Do You Actually Have An Inherited IRA?

Words matter. At times distinctions may seem trivial, but how we think about certain topics can influence the action we take. When it comes to being the beneficiary of an individual retirement account (IRA), Tom Gau may be the authority on using the power of distinction to help clients take full advantage of the opportunities available to them.

In a recent conversation with Tom,  he shared how he frames the conversation with clients when they are going to receive IRA dollars as a beneficiary:


“Did you inherit an IRA, or do you have an inherited IRA?”


He admits that the initial reaction can be a puzzled look but he takes the time to show the clients the importance of knowing the difference. For advisors who don’t often work with inherited IRAs there is still incredible value to be taken from this example. Whether specific to inherited IRAs, or applied to other areas of tax planning, the approach in this example has the power to help clients take action.

“Inheriting” an IRA

After January 1, 2020 the rules on what someone is required to do with an inherited IRA changed. Under the current rules, in most cases the beneficiary will have 10 years to distribute the entire balance. There are exceptions for spouses inheriting the IRA but for this article we are focused on non-spouse beneficiaries.


Inheriting an IRA is when a client takes the full balance as a distribution and gets killed in taxes all at once because you didn’t educate them on their options. This is all too common. A client finds out they have inherited a large and potentially unexpected amount of money, they have no prior experience with this situation and they end up with a check for the full amount. The client now has money they didn’t previously but they’ve missed an enormous opportunity.


The much preferable alternative to simply cashing the check is to set up an Inherited IRA (no, you cannot put it into another existing IRA) and have a plan for not getting killed in taxes.

“Having” an Inherited IRA

Having an inherited IRA means creating a plan to take full advantage of the 10 years available to distribute the money. It means shrinking the slice of the pie the IRS is going to hold onto. The default option is that you kick the can down the road and take care of everything when you are up against a deadline. Instead, we can take a proactive approach and spread this out over time and lower the amount a client is going to pay.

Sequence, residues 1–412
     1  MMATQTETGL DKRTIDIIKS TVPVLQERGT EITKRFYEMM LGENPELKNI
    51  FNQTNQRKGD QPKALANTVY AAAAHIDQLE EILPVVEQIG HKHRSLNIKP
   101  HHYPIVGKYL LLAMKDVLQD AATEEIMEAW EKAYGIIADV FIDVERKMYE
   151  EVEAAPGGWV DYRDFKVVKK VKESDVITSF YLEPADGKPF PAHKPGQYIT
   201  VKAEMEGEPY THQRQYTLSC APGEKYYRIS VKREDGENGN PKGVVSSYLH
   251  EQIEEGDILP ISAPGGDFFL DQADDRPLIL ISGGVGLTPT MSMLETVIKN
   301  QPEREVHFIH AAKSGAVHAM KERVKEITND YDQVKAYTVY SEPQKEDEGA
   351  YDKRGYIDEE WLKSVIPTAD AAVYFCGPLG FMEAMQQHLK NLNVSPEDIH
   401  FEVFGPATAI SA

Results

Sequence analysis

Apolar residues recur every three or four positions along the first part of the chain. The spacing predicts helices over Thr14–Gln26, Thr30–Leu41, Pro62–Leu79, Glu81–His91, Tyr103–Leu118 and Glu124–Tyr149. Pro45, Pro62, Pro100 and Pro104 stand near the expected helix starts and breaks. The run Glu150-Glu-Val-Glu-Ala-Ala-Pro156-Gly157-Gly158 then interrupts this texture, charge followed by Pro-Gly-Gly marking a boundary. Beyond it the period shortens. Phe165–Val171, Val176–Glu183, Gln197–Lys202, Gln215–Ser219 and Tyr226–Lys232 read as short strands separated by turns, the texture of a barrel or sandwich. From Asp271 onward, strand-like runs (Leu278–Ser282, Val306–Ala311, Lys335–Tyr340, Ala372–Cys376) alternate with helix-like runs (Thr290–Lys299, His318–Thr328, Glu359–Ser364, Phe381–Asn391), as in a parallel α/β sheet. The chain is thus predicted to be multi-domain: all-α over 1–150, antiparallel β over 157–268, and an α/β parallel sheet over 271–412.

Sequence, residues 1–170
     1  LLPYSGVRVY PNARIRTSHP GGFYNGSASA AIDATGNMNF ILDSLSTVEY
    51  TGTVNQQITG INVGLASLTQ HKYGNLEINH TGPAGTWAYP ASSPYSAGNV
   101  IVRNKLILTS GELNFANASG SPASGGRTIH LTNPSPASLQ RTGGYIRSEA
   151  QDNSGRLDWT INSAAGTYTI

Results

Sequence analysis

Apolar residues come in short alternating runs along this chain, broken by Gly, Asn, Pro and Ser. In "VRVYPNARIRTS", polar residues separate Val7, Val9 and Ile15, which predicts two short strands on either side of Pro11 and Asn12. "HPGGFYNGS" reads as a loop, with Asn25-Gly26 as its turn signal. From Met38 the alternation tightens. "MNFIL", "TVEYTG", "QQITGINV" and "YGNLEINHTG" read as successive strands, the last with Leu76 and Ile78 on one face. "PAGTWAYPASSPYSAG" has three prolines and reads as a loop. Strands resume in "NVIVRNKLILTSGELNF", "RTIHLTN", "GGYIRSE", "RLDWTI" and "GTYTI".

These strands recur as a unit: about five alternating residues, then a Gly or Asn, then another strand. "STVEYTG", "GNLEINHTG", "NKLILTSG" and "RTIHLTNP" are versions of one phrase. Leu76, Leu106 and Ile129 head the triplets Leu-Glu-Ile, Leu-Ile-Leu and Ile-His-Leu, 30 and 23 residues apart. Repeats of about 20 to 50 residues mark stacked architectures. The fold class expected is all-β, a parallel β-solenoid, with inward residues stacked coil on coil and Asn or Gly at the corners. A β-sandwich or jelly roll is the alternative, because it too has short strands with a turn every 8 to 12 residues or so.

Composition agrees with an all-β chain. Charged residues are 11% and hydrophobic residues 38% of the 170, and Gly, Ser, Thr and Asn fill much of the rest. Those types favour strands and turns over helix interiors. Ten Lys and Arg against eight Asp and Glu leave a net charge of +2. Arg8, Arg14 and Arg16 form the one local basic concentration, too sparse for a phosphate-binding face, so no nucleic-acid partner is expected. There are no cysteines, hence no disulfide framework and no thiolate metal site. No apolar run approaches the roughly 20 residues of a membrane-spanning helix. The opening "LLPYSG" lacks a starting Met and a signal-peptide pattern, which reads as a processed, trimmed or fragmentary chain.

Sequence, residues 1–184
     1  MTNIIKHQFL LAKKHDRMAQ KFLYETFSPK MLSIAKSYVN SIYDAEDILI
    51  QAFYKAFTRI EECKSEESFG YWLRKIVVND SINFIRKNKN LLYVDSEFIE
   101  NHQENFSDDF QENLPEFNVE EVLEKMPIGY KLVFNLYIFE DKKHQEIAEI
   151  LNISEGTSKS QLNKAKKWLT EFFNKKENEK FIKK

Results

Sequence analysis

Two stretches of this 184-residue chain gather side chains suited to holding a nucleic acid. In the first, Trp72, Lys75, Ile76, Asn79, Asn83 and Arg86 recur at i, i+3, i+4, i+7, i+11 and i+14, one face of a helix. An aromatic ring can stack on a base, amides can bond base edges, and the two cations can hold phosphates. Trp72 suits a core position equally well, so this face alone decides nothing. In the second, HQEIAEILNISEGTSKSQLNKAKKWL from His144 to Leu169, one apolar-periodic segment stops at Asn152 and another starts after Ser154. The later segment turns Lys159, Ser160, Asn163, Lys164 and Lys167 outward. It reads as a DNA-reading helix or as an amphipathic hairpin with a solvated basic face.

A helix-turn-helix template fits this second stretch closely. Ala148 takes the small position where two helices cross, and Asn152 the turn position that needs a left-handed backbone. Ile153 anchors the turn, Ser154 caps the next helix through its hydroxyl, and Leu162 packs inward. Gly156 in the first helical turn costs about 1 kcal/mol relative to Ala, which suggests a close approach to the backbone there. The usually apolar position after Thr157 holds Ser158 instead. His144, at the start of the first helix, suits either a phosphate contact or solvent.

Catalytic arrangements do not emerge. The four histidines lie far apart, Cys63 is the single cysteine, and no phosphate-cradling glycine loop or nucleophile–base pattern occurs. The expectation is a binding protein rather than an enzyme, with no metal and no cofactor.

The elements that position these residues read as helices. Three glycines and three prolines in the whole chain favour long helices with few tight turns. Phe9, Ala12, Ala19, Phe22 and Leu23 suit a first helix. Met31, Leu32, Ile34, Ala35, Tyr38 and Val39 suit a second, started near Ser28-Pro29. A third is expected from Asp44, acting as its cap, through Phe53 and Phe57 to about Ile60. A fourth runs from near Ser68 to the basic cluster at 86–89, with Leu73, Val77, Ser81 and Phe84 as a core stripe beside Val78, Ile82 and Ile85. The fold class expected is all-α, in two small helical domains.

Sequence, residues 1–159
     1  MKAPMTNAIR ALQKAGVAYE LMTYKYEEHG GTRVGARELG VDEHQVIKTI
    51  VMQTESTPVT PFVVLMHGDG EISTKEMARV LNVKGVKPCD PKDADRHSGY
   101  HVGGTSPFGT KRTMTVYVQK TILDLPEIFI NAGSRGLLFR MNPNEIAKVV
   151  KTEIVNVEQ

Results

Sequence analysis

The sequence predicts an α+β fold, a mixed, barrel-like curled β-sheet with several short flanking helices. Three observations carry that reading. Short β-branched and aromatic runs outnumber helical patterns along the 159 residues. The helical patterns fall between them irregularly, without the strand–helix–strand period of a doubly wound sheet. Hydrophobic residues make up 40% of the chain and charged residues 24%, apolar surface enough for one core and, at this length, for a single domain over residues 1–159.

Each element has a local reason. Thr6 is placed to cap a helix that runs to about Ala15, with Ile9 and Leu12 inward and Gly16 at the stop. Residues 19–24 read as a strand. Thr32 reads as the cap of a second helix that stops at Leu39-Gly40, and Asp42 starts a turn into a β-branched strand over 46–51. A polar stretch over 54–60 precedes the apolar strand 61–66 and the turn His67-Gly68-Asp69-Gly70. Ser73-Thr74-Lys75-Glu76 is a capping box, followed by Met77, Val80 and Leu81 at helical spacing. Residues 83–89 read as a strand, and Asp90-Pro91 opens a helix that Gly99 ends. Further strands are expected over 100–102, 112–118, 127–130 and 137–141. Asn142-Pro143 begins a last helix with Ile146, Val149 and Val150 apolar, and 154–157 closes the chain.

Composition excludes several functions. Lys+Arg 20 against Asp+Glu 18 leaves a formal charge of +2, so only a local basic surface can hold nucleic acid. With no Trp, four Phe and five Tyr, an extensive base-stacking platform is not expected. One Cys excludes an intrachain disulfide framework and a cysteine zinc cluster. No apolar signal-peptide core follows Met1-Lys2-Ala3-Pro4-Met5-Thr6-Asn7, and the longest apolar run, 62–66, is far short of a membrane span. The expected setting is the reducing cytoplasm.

Here is a simple example to illustrate the power of spreading out the income. Bob and Sue inherit $1,000,000 IRA. Before taking any distributions their taxable income is $83,550, putting them in the 22% marginal bracket. If they take the $1,000,000 into income all at once they will pay an additional $325,000* in federal taxes. If they happen to be on Medicare their premiums will also more than triple for a year.


However, if they take the income evenly over 10 years the tax bill is only $240,000**, which includes the increase in tax rates when the Tax Cuts and Jobs Act expires in 2026. And with just a little bit of planning their Medicare premiums will only be impacted in a single year and by a fraction of what they would be in the first scenario.


Mr and Mrs. Client, would it be alright if we worked together to save you over $80,000 in taxes on your inherited IRA?” Not many people are going to say no to that.

Proactive and not Reactive

For this to be successful in practice you have to build a relationship with your clients in which they come to you for everything in their financial life. If the advisor only finds out about an inherited IRA after the client has taken action, it might be too late. This is just one example of why it is so important to get tax returns every year and talk about taxes every year. Your clients need to know that they can, and need to, come to you for everything money related in their life. To deliver massive value on this topic, the first step is your client coming to you as soon as they find out they will be inheriting an IRA.

Take Action

  1. Make it easy for your clients: whether it’s something big like inheriting an IRA or something simple like buying a car, you want your clients to come to you for everything financial in their lives. This can’t just be something you offer once and hope they remember, you need to remind your clients you are there for them, make it easy for them to reach out and make sure you are always deliver value when they do (even if it is as simple as “based on what we can see it looks like you are on the right track”)
  2. Educate your clients: Make sure your clients understand the importance and potential impact of not proactively planning. They may not know whether they are the beneficiary of someone else’s IRA, when you are discussing the beneficiaries of their IRAs is a great time to be proactive so they know they can call you if it ever comes up.
  3. Be a resource to the next generation: you can deliver value on this topic when your clients inherit an IRA, but also in preparing for your client’s beneficiaries to inherit their IRA. Help your clients understand what will happen when their beneficiaries eventually inherit and how your team can help make sure they don’t get killed in taxes by taking everything all at once.

Taking advantage of the 10 years available under an inherited IRA is a great way to NOT tip the IRS.


**Post publication update: the IRS’s recent guidance surrounding the 10-year and inherited IRA’s does potentially add a layer of complexity but does not change the overall goal of this article. Even if a required minimum distribution has to be taken, there is the default approach, and there is the intentional approach. The intentional approach will always serve the client better. Here is a great article from the Nerd’s Eye Blog covering the recent guidance.

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